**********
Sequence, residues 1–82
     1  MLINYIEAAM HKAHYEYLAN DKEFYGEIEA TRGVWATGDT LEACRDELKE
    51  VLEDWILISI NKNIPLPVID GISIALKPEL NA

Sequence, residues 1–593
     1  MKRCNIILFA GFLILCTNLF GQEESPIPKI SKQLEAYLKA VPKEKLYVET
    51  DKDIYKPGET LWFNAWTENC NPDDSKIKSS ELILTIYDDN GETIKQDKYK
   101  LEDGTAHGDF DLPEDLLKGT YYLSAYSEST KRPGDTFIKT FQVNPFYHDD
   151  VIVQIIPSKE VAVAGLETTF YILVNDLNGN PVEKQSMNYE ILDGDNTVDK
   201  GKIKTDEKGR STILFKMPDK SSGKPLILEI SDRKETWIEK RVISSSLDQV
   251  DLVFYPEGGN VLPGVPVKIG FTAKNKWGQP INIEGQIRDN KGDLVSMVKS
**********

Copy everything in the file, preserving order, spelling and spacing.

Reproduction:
Sequence, residues 1–82
     1  MLINYIEAAM HKAHYEYLAN DKEFYGEIEA TRGVWATGDT LEACRDELKE
    51  VLEDWILISI NKNIPLPVID GISIALKPEL NA

Sequence, residues 1–593
     1  MKRCNIILFA GFLILCTNLF GQEESPIPKI SKQLEAYLKA VPKEKLYVET
    51  DKDIYKPGET LWFNAWTENC NPDDSKIKSS ELILTIYDDN GETIKQDKYK
   101  LEDGTAHGDF DLPEDLLKGT YYLSAYSEST KRPGDTFIKT FQVNPFYHDD
   151  VIVQIIPSKE VAVAGLETTF YILVNDLNGN PVEKQSMNYE ILDGDNTVDK
   201  GKIKTDEKGR STILFKMPDK SSGKPLILEI SDRKETWIEK RVISSSLDQV
   251  DLVFYPEGGN VLPGVPVKIG FTAKNKWGQP INIEGQIRDN KGDLVSMVKS